The cause was kidney failure, said a spokesman, Paul Shefrin, according to The New York Times.
For more than half a century, on nightclub stages, in concert halls and on television, Mr. Rickles made outrageously derisive comments about people’s looks, their ethnicity, their spouses, their sexual orientation, their jobs or anything else he could think of. He didn’t discriminate: His incendiary unpleasantries were aimed at the biggest stars in show business (Frank Sinatra was a favorite target) and at ordinary paying customers.
His rise to national prominence in the late 1960s and early 1970s roughly coincided with the success of “All in the Family,” the groundbreaking situation comedy whose protagonist, Archie Bunker, was an outspoken bigot. Mr. Rickles’s humor was similarly transgressive. But he went further than Archie Bunker, and while Carroll O’Connor, who played Archie, was speaking words someone else had written — and was invariably the butt of the joke — Mr. Rickles, whose targets included his fellow Jews, never needed a script and was always in charge.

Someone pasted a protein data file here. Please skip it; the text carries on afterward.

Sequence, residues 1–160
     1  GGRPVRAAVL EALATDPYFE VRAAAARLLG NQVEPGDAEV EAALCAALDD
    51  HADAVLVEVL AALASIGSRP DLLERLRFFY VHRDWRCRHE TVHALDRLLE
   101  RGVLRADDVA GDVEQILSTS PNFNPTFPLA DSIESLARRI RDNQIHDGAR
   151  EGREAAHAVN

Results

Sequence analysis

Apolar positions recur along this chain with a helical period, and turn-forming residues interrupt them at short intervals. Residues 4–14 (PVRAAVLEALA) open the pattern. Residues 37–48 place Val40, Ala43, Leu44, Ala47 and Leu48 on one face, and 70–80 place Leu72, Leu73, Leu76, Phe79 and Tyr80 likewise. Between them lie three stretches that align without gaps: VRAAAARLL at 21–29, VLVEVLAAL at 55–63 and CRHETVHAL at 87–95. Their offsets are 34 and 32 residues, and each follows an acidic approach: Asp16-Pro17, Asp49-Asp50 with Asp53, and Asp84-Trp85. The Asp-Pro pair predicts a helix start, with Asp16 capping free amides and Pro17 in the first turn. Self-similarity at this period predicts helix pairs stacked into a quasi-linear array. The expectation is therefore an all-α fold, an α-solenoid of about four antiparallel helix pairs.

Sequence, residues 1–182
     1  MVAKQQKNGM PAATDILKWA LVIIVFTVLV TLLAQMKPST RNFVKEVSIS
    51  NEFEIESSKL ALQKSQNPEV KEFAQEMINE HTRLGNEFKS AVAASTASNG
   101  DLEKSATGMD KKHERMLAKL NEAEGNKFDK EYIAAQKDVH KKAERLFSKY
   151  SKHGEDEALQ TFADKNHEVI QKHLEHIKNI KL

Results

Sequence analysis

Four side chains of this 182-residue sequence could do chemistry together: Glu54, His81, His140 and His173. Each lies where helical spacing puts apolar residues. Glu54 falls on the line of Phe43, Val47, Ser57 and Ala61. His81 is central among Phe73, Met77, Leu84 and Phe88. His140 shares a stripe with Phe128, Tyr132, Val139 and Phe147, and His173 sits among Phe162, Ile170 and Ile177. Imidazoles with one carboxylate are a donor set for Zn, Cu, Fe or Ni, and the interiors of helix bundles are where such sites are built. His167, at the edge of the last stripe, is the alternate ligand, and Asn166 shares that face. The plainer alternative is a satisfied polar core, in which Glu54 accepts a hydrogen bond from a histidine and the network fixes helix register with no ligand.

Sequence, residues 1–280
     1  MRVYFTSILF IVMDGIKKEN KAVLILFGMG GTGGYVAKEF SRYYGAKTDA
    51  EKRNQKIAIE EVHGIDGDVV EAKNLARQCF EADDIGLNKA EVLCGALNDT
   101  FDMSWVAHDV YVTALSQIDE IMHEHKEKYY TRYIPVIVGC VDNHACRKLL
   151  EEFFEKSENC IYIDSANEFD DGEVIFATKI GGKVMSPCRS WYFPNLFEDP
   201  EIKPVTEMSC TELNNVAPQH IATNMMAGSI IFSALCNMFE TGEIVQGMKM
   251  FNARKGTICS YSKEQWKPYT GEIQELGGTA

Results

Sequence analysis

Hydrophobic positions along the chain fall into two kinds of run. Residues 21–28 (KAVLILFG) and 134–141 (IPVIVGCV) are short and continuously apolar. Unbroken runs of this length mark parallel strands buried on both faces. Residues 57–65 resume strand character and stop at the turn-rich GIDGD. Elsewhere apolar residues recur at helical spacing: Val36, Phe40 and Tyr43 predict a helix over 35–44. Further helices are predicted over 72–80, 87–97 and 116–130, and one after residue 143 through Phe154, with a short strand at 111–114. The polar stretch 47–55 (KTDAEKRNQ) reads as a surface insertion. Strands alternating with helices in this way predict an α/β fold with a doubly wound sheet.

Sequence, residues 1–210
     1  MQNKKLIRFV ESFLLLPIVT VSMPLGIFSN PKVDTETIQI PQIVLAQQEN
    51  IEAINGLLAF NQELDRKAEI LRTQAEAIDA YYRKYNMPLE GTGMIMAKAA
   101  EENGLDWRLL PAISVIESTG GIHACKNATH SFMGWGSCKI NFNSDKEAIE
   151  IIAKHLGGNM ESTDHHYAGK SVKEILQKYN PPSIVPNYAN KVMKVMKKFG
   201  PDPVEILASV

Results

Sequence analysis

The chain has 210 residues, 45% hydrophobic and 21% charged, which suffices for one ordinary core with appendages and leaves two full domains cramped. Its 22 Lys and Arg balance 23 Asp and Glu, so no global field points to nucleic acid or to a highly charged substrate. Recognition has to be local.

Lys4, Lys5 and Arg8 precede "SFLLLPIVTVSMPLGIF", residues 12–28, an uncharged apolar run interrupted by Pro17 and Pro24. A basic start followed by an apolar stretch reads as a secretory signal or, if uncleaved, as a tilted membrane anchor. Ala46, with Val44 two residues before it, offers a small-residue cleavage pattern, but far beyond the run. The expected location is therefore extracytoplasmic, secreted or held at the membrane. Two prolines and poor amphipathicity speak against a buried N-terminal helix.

One night, on learning that some members of his audience were German, he said, “Forty million Jews in this country, and I got four Nazis sitting here in front waiting for the rally to start.” He said that America needed Italians “to keep the cops busy” and blacks “so we can have cotton in the drugstore,” and that “Asians are nice people, but they burn a lot of shirts.” He might ask a man in the audience, “Is that your wife?” and, when the man answered yes, respond: “Oh, well. Keep your chin up.”